The DNA microarray technology (16) has facilitated the identification of expression profiles and association of abnormal patterns to hereditary breast cancer (17), sporadic breast cancer (18;19), and clinical outcomes (20;21). Combined with PCR subtraction, DNA microarrays were also used for rapid isolation of differentially expressed genes in breast cancers (22;23). Using cDNA microarrays, we had successfully identified the chromosome 6-encoded tumor suppressor gene Cx43 (11). In this study, we describe the identification of another chromosome 6-encoded novel candidate tumor suppressor gene KIAA1949 (phostensin) using both genome-wide microarrays of 25,985 cDNA probes and customized microarrays of 651 genes and 117 controls. The genome-wide microarrays were used to screen differentially expressed genes between the tumorigenic and metastatic breast cancer cell line MDA-MB-231 and the chromosome 6-mediated suppressed non-tumorigenic and non-metastatic derivative cell line MDA/H6. The customized cDNA microarray contained double sets of 651 genes and 117 controls per glass slide and was used to analyze expression profiles in 10 breast cancer cell lines and 5 primary breast tumor specimens with MDA/H6 as a reference. Microarray analysis identified 200 frequently dysregulated genes in these breast cancer samples. Out of the 25 genes that are known to be encoded by chromosome 6, four were downregulated but 21 were upergulated. Northern analysis validated the microarray results. The KIAA1949 gene is known at 6p21.33, a band region with the frequent cytogenetic aberration and LOH. Our Northern analysis on KIAA1949 detected four poly(A)-RNA bands (4.6-, 4-, 3- and 1.5-kb) in multiple normal and breast cancer samples. Microarray analysis revealed the downregulation of KIAA1949 in 86.7% (n=15) of breast cancer cell lines and tumor tissues. Northern analysis demonstrated 100% (n=10) downregulation in the cell lines. Taken together, these results strongly suggest that KIAA1949 is a novel candidate breast cancer suppressor gene.

Materials and Methods

Cell lines, tumor tissues, and cell culture conditions: Table 1 list 11 breast cancer cell lines and 5 tumor tissues used in this study. Ten breast cancer cell lines were purchased from American Type Culture Collection (www.atcc.org). The MDA/H6 cell line (8) was generously provided by Dr. Negrini. Cells were cultured in DMEM medium with L-glutamine supplemented with 10% fetal bovine serum. G418 (800 μg/ml) was added to MDA/H6 cell culture to select for the neo-tagged chromosome 6. 100 U penicillin G sodium and 100 µg streptomycin sulfate were added into each milliliter of all cell culture media as antibiotics. Breast cancer tissue samples with pathological reports were purchased from the Lombardi Cancer Center Histopathology/Tissue Core, Georgetown University Medical Center. The patients' identifications of all tissue samples had been removed by the core facility personnel before the PI received the samples. All media, serum, and antibiotics were obtained from GIBCO BRL (Gaithersburg, MD).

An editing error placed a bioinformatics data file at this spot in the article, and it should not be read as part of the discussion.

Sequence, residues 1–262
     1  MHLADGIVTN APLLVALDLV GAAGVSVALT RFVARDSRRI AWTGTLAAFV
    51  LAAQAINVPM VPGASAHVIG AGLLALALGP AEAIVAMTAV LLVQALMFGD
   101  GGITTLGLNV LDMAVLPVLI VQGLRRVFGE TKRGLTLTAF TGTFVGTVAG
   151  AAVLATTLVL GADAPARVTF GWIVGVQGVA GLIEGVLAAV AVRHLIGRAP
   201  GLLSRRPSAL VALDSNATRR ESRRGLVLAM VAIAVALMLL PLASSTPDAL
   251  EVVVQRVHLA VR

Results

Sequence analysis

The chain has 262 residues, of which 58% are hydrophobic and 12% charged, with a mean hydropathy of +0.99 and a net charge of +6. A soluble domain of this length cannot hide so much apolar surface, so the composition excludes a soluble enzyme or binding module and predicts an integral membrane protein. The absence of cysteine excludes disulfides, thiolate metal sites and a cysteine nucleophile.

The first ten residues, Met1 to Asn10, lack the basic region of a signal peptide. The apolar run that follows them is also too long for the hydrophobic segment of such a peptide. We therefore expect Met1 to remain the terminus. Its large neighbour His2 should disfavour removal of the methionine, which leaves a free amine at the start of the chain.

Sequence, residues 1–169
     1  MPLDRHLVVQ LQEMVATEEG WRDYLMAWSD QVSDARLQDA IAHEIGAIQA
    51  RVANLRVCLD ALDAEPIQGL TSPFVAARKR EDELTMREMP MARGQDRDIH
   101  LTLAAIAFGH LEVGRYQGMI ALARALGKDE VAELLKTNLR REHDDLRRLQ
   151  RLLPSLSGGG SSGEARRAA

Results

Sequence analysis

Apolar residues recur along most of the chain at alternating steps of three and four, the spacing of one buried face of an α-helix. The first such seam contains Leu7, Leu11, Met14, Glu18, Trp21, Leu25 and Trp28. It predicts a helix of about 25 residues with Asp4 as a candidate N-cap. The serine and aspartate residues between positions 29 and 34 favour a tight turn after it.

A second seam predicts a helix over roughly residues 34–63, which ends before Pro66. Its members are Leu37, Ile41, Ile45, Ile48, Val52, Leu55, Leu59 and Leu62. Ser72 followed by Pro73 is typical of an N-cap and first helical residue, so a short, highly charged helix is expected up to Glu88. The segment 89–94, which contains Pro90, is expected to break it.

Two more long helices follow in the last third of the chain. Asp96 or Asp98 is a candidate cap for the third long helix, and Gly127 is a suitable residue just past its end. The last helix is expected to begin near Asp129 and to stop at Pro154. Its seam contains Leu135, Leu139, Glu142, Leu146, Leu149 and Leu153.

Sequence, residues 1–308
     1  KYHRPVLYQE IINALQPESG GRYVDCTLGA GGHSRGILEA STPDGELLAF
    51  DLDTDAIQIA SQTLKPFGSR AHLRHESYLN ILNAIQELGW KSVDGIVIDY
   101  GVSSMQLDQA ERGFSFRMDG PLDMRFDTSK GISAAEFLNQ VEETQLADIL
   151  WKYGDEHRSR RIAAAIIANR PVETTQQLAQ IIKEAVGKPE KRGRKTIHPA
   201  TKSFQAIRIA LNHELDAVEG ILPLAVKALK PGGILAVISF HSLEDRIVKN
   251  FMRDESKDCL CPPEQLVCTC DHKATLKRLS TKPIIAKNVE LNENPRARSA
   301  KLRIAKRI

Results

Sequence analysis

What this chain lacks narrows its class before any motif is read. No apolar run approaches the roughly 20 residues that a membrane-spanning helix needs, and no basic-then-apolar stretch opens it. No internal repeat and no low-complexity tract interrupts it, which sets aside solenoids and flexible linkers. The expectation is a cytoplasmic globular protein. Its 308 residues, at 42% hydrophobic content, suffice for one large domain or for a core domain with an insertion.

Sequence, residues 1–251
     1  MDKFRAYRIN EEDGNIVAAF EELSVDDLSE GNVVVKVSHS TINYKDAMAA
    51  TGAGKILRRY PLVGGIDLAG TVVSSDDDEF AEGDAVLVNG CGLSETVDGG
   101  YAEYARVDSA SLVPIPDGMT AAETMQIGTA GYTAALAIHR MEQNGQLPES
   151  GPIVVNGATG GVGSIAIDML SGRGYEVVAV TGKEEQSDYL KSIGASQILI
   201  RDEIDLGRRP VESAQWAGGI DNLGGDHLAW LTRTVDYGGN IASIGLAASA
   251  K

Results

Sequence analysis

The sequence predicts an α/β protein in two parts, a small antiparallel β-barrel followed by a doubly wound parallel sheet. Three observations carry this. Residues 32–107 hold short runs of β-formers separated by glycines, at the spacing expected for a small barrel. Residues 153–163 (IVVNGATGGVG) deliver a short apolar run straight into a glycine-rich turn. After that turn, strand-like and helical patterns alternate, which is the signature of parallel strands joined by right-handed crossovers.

Table 1 

Human Breast Cancer Cell Lines and Tumor Tissues

NameSymbolOriginal Clinical DiagnosisSource
MDA-MB-231MB231AdenocarcinomaATCC*
MDA/H6MDA/H6Non-tumorigenicDr. Negrini (8)
MDA-MB-134MB134CarcinomaATCC
MDA-MB-157MB157CarcinomaATCC
MDA-MB-436MB436AdenocarcinomaATCC
MDA-MB-453MB453CarcinomaATCC
MDA-MB-468MB468AdenocarcinomaATCC
BT-20BT20AdenocarcinomaATCC
BT-474BT474Ductal carcinomaATCC
BT-549BT549Ductal carcinomaATCC
ZR75-1ZR751Ductal carcinomaATCC
Breast cancer tissue 1BCTis-1Poorly differentiated invasive ductal carcinomaLCC*
Breast cancer tissue 2BCTis-2Poorly differentiated infiltrating ductal carcinomaLCC
Breast cancer tissue 3BCTis-3Poorly differentiated infiltrating carcinomaLCC
Breast cancer tissue 4BCTis-4Poorly differentiated infiltrating ductal carcinomaLCC
Breast cancer tissue 5BCTis-5Poorly differentiated infiltrating ductal carcinomaLCC

* ATCC: American Type Culture Collection; LCC: Lombardi Cancer Center Histology Facility.

Tumorigenicity test. The test was performed by the standard methods in the IACUC approved animal protocol and core facility. Briefly, 0.1 ml of 5 x 107 cells per ml were inoculated in subcutaneous fat pad at one site of flank of female athymic nude mice at age of 4 weeks. Three mice per cell line were tested. The mice were subject to euthanasia when a tumor reaches 20 mm in diameters. Otherwise, the mice were under the standard housing, feeding and observation for 2 months. After euthanasia, tumors and inoculation sites were dissected from the mice for the gross examination of tumor size and morphology. The distant organs (brain, lung, liver, kidney, spleen and bone marrow) were collected to culture metastatic human breast cancer cells.

RNA and DNA preparation: Total RNA was extracted from cultured cells using Trizol Reagent (Invitrogen, Carlsbad, CA, USA) and purified using RNeasy kit (Qiagen, Valencia, CA, USA), following the commercial instructions. Poly(A)-RNA was extracted from total RNA samples by use of Dynabeads® mRNA Purification Kit (Cat.# 610-06, Invitrogen), following the manufacture instructions. Culture of E. coli strain DH5α, isolation of plasmid DNA and PCR amplification of cDNA inserts were described previously (24).

Microarray hybridization on high density gene filters of cDNA microarrays: High density gene filters (gf200, gf201, gf202, gf203 and gf211) were purchased from Research Genetics (Huntsville, AL). New gene filters were first washed in boiling 0.5% SDS for 5 min., placed in a 35 x 150 mm roller tube (052-002, Biometra, Tampa) with the DNA side facing the center of the tube, and then incubated in 5-mL pre-hybridization solution (HYB125.GF, Research Genetics) with 5-µl Poly(dA) (POLYA.GF, Research Genetics) and 5-µl Cot-1 DNA (15279-011, Life Technologies) at 42ºC for 2 to 4 hours.